It’s something every DM struggles with- how do you make your players care about your NPCs and have reactions, either positive or negative, to them?
Making your players care about the game world is fundamental to roleplaying, and NPCs- as the parts the players will most often be interacting with- are perhaps the most important focus of that. So how do you make your NPCs interesting and unique, so that the players won’t simply treat them the same way they do Goblin #486 that they slew yesterday? Here’s a few tricks.
Create Them With a Role
When you put an NPC into a game they are there to serve some sort of purpose in the story, not simply to fill a hole in the universe. Characters that serve no role in the story aren’t really even NPCs- they’re set dressing, backgrounds for the actual characters in the game. The thirty guards flanking the king as he explains to the party what he needs them to do? They’re not characters. The king is a character, but the guards are not, no more than the king’s throne is.
So ask yourself what role you want them to serve in the game. What is their purpose, and what do you want from them? Is the king imperious and commanding, a regal figure that shows the PCs the gap in their stations? Is he bufoonish and incompetent, to emphasize the foibles and failings of royalty? Is he distant and detached, focused on greater problems? Is he affable and trusting, a resource that the party can come back to at a later time if they find themselves in trouble? All of these are very different sorts of characters and will present different tones for how the players will expect to interact with them, even if their demands are otherwise identical. The characteristics you give your NPCs are central to shaping how any scenes including them play out.
Give Them Multiple Aspects
The second key to making your NPCs work is to ensure that they aren’t simply one-not personalities. This is particularly important for those which will be ongoing features of the campaign, showing up in multiple sessions, but even for single-use characters it can be extremely beneficial; more layers to a character makes them more believable.
To make use of the earlier example again, let us say that we have chosen the buffoonish king. If this is all there is to him, he will probably be a functional-but-uninteresting piece of the plot; but we can develop him beyond that with just a bit of extra work. Maybe there is something that the king is actually good at- he’s a brilliant tactician despite being a poor leader, for example, or a talented painter. Or, if the NPC’s character is more generally positive, introducing one of their flaws (like a refusal to admit they are wrong, or a fear of something) can be useful. A contrasting aspect like this can give an antagonist a more sympathetic portrayal, or show an ally in a more complex and realistic light- and in both cases, it makes the NPC into more than simply a game piece that helps or hinders the party. (Of course, you can also do the opposite if you want to double down on things- by giving the buffoonish king a negative aspect, such as being a bully, you can cast him in a particularly evil light.)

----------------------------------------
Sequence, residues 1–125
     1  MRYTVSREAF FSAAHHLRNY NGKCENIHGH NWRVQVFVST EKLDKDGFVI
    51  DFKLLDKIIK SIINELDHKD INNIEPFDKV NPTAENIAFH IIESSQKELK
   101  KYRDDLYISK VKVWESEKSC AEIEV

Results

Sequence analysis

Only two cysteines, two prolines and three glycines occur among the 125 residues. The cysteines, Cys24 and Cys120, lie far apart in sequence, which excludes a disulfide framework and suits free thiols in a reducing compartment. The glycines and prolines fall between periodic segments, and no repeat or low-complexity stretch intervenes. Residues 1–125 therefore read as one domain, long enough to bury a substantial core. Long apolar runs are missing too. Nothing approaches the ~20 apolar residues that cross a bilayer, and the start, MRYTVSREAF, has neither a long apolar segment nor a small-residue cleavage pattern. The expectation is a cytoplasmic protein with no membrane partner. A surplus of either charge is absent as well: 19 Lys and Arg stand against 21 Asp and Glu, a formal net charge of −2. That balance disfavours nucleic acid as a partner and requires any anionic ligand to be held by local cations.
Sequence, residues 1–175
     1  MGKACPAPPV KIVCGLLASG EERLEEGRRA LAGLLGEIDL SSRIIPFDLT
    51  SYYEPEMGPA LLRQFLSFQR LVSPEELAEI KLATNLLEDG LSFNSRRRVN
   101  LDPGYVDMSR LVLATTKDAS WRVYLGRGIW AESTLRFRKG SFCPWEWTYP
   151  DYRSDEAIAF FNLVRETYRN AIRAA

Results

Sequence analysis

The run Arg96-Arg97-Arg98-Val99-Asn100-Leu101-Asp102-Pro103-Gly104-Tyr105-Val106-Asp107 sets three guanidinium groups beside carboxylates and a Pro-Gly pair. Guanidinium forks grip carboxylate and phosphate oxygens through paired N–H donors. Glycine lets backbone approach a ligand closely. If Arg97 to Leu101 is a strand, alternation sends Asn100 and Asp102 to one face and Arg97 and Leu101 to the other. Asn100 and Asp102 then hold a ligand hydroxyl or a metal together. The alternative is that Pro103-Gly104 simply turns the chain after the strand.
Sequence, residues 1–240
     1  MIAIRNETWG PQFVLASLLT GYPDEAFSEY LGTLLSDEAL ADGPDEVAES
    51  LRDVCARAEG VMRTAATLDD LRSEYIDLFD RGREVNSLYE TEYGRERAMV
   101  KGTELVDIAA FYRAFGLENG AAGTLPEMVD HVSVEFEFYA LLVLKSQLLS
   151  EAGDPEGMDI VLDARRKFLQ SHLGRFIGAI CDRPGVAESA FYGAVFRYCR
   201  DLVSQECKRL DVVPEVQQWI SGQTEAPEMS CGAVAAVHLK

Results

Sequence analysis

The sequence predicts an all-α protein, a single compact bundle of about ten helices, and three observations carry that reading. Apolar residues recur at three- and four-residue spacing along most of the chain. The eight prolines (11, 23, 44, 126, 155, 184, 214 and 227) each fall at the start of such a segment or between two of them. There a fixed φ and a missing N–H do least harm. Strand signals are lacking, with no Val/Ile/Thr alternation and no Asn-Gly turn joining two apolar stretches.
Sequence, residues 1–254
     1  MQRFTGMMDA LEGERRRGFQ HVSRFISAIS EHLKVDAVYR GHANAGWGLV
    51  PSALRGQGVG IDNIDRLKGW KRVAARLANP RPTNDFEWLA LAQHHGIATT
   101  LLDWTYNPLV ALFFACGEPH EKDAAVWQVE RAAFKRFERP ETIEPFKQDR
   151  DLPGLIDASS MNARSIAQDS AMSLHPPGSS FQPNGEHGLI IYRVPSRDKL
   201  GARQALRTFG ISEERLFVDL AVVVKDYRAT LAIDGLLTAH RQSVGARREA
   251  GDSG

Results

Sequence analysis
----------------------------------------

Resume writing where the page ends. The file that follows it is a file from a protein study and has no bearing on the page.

Make Them Distinctive
There is one caution with the above system, however: don’t simply go with the generic versions of the above that every player has seen before in film, television, and books. How many grizzled innkeeps has your party met? How many proud and greedy dragons? How many suspicious guards? While these archetypes can be useful for bit parts, overuse of them robs your campaign world of its variety and leaves the players feeling fairly flat.
So think instead about doing something different, and what that mean. Perhaps the innkeep is friendly and generous- the players might want to come back and make the place their base of operations. A lazy guard paired with a punctilious one can create a comic situation that is still potentially dangerous for the players, and is perhaps a good way to lighten the mood from time to time. It isn’t necessary to buck expectations every time, but try to avoid falling back on overused tropes- every NPC is a unique opportunity to roleplay, and there’s no sense in wasting that.
The actual roleplay itself can also be a big component of this- by adding mannerisms, speech patterns, or accents you can do a lot for a character, if you’re comfortable with that sort of thing. Even minor stuff can go a long ways here- you don’t necessarily need to do silly voices, but simply changing the way you talk for different characters can convey a lot to the players. Maybe the stodgy old wizard talks slowly and doesn’t use contractions, or maybe the gnomish apothecary uses strange malapropisms and incomprehensible analogies. The tone, pitch, and cadence of your voice have a huge effect on how players will perceive a character, so think back to the voices of some characters in movies, or especially in animation (where voices are absolutely critical) for good examples.
No matter how you choose to portray your NPCs, the most critical aspect of them is the care you put into that portrayal. The thing that will consistently shine through the most to your players is the effort you put into them at the table; if you are detailed and intentional about how you play an NPC and give them a consistent personality and quirks, your players will recognize this (even if only subconsciously) and respond to it. As a DM, your enthusiasm for the game will always show through, so make sure you’re putting the same effort into your play at the game table as you do behind the scenes when prepping material.
And as always, remember that you can get your roleplaying supplies at great discounts every day from the Frontline Gaming store, whether you’re looking to pick up a new sourcebook for your character or a great set of minis for your next encounter.